She wrote back immediately: “That’s ok – I’ll figure it out. Keep the info coming.”
And that, in four words, is Belinda’s super power: I’ll. Figure. It. Out.
It’s not her project management expertise (of which she has a lot). It’s not the friendly way she treats all of you when you buy a product or attend a webinar (although she’s certainly good at that too).
It’s that when I hand her a big mess, I can just let go and know, without a doubt, that she will figure it out.
Your super power isn’t your skill set. (That’s just the price of admission.)
Rather, it’s what you do naturally (and often better than anyone else) and that wraps around your skill set.
It’s what truly sets you apart.
For my “tech guy,” Barry Shuchter, it’s the simple, clear, patient way he explains complicated technology options when I ask him a question.
For my friend and expert recruiter, Betsy Harper, it’s the way she can tell the difference – almost instantly – between who’s for real and who’s blowing smoke.
For my friend Marcia, it’s the way she can take a spare piece of wood, a rusty can she found on the beach, and some paint, and turn it into a centerpiece on her dining room table that makes it look like Martha Stewart just left the building (without, by the way, getting any paint on her hands).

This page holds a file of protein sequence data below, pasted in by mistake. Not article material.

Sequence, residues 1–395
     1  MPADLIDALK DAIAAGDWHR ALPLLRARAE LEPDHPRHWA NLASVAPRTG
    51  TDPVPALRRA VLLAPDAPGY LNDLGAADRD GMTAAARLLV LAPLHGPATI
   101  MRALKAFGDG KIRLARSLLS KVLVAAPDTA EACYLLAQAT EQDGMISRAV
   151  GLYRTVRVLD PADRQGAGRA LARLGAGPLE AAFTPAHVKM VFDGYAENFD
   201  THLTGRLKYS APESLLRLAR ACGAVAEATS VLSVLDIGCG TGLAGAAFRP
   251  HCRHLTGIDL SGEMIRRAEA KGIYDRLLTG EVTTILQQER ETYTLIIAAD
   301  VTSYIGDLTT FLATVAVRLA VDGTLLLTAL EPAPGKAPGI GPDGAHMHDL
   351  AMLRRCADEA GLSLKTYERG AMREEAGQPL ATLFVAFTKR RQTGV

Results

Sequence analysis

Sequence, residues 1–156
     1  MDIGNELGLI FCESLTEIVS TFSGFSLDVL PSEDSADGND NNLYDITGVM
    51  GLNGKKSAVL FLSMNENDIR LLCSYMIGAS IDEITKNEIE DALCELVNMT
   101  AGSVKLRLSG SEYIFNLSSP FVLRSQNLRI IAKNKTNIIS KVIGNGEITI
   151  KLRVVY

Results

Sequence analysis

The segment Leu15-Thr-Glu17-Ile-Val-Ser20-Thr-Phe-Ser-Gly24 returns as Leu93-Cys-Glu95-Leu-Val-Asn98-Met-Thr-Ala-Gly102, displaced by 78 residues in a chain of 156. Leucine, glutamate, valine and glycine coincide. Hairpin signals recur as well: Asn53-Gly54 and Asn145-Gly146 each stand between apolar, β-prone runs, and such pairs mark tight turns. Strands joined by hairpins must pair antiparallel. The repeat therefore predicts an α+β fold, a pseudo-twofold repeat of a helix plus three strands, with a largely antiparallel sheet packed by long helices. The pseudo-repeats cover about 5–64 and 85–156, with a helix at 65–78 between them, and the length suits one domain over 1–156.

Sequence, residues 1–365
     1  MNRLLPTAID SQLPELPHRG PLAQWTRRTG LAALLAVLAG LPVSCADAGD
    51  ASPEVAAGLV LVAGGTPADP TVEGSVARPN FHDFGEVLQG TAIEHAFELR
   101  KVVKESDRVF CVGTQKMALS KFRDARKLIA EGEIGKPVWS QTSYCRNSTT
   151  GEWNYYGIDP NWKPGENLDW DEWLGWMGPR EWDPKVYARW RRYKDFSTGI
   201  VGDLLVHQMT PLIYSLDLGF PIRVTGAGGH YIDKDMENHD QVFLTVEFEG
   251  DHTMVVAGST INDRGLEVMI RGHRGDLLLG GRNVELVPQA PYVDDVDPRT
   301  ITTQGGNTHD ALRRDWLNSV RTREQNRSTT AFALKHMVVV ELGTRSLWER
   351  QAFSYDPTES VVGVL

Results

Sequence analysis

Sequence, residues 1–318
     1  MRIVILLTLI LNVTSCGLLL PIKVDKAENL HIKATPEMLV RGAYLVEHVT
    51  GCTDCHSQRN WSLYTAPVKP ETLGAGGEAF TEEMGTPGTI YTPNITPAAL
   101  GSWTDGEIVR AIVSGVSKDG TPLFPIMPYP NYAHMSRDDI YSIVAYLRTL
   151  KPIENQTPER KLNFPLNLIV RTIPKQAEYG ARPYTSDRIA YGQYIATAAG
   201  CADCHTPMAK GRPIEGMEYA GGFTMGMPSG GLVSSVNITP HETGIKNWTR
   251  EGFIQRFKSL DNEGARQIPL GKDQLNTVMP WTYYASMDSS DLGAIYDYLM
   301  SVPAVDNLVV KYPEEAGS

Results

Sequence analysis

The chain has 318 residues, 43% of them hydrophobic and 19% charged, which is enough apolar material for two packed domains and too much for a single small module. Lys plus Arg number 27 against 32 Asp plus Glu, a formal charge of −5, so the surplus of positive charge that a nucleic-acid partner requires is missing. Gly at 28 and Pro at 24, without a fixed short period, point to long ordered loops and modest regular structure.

The problem with most super powers is that unlike, say, flying or X-ray vision, the person who possesses it doesn’t always realize how special it is.
It’s hard to detect in ourselves precisely because it comes so naturally and so easily. And so we downplay it, if not miss it entirely.
The thing is, it’s what your clients are really buying. It’s why the ones who love you, love you.
Which means that if you’re not emphasizing it, you’re working way too hard and not taking advantage of the thing(s) that makes you most special in the eyes of other people.
If you really want to stand out, figure out your super power and build your business around it.
P.S. Not sure what your super power is? Two questions to ask yourself:
- What thing(s) do your friends, family, volunteer organizations that you’re involved with, etc., always look to you for first?
- What thing(s) do other people seem to struggle with that to you, seem ridiculously obvious or easy?
- We’re dying to know … what was your most embarrassing high school moment?
- What super power would you like to possess that you don’t already?